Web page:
Thor’s third solo outing into the Marvel Cinematic Universe can be summed up quite simply; Ragnarok is genuinely laugh-out-loud funny, uniquely bizarre, and very, very, colourful. For those who feel like Marvel or superhero films in general are becoming increasingly formulaic and dull, this film acts as a gut-punch to the previously established canon of the hammer wielding avenger.
After flying away at the end of Age of Ultron, after fearing the prophecy of the end of the world given to him in a dream state by Heimdall, Thor is now against a new villain; Hela, the goddess of death. Beaten down and cast out (a mainstay of Thor films, it seems), he finds himself on Sakaar, trapped in a gladiatorial society, needing to escape to win the day and prevent the death of Asgard.
For fans of the MCU (Marvel Cinematic Universe), this film takes advantage of all the good parts of the almost decade long established story in the same thread as Captain America: Civil War; take two Avengers that we haven’t seen since 2015, put them in scenes together and reap the benefit of all the history and chemistry they have. The Hulk in this film feels natural and is arguably one of his best appearances on the big screen to date. As for the rest of the plot, while it was left slightly lacking, had well-paced action and dialogue. Combined with entertaining music choices and glorious cinematic shots you are transfixed to the point where the plot doesn’t particularly matter.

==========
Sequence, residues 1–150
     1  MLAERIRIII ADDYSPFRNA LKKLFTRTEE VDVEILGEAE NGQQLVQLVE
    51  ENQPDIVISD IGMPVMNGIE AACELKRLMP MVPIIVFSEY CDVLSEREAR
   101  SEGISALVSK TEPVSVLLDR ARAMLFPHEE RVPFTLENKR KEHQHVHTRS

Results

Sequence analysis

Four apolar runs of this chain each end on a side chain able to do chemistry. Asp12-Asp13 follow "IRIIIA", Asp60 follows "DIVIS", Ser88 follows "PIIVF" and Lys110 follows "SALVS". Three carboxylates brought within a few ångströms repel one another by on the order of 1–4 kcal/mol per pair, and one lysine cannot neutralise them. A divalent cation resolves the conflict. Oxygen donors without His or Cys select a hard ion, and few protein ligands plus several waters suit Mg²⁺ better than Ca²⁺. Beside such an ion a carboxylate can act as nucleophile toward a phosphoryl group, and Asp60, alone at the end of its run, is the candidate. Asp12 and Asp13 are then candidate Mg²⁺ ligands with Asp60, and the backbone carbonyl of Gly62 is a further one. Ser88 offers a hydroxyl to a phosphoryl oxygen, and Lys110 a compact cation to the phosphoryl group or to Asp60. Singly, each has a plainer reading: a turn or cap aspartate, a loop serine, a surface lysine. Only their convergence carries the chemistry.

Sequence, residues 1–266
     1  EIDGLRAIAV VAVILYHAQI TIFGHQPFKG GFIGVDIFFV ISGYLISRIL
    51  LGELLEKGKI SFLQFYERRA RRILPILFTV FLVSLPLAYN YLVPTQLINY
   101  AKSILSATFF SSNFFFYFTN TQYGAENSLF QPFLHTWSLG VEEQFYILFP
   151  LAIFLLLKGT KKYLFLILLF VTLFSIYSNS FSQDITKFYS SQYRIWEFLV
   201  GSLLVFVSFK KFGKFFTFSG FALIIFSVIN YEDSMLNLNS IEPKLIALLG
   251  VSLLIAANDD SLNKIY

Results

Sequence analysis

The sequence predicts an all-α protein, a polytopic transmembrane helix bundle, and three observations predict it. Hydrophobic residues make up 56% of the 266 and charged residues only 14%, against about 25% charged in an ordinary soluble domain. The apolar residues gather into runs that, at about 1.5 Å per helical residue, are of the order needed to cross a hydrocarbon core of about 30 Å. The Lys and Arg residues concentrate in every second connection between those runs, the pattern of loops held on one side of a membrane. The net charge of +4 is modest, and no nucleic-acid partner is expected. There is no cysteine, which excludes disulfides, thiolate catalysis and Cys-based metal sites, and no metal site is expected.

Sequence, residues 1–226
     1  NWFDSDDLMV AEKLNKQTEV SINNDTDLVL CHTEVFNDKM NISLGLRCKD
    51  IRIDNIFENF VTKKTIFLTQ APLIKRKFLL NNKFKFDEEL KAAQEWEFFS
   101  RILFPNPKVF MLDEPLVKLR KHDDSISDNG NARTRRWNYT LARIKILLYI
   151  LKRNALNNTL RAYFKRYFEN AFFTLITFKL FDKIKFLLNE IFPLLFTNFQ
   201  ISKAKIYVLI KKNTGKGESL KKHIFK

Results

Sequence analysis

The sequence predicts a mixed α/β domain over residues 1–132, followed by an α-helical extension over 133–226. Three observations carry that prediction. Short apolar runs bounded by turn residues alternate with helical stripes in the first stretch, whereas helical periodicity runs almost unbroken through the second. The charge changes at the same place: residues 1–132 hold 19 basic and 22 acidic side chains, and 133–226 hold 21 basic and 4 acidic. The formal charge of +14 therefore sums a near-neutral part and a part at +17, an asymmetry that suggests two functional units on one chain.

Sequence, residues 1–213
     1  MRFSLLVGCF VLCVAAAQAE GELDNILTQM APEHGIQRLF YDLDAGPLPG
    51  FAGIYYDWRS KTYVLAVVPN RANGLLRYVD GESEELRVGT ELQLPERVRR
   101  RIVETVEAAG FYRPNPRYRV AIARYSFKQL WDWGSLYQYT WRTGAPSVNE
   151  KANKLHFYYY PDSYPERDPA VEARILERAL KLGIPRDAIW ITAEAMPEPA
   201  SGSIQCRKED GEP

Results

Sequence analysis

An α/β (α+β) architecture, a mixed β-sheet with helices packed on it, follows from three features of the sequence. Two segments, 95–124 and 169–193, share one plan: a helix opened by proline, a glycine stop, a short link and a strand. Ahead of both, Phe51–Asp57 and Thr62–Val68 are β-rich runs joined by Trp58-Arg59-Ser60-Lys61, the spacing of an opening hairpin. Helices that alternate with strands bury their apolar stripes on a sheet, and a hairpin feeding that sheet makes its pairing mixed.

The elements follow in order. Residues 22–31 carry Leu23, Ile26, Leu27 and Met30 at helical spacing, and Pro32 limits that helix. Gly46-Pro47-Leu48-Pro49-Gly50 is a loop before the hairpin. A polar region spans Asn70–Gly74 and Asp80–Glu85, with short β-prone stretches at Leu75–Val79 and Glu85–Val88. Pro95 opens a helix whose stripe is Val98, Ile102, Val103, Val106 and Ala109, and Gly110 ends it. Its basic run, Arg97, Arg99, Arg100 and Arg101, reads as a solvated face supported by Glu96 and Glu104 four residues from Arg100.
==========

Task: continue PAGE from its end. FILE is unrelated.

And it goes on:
The acting is high quality as you can expect with Marvel. Chris Hemsworth shines in his character’s established fish-out-of-water identity, while still being able to give gravity to the more emotional moments of the film. Mark Ruffalo and Tessa Thompson are a fantastic complementary cast, with a dash of brilliantly weird Jeff Goldblum adding some extra oddball humour to the film. Cate Blanchett, while acting at a high standard as usual, and Karl Urban, who is good (though unnecessary in this film), don’t break the trope of bland Marvel villains. This could be due to having the limelight stolen away by other story-points, but they are better than most.
The humour in this film truly puts this above other comic-book movies of late. Unlike other entries of the past few years in the comic-book genre (with the exception of Deadpool, of course), Ragnarok actually got more laughs than many. Thanks to Taika Waititi (What We Do in the Shadows fame, Hunt for the Wilderpeople), who proved once again Marvel knows how to give indie directors a budget and let them show off their traits, there is riotous laughter every few minutes of this film, and not in a quippy, say-something-smart kind of way. That being said, a negative of this is some important, heavy moments were worsened by the unwillingness to hold back from putting in a joke, but for the sake of the film, this can be forgiven.
To sum up, temper your expectations for what the trailers will have shown you. But if you are a fan of comic-book films, zany comedy or just a fun time, this is one of the films to see this year.
By Alastair Thompson